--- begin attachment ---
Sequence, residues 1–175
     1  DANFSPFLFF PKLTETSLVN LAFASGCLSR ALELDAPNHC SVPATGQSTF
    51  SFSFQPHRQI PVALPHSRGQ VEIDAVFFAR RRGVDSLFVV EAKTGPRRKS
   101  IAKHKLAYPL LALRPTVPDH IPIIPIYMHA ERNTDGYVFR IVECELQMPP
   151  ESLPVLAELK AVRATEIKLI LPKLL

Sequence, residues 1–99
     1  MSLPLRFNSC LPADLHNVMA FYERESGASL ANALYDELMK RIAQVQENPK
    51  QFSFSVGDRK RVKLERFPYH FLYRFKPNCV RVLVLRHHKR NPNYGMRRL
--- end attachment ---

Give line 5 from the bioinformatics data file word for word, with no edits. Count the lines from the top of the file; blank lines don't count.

   151  ESLPVLAELK AVRATEIKLI LPKLL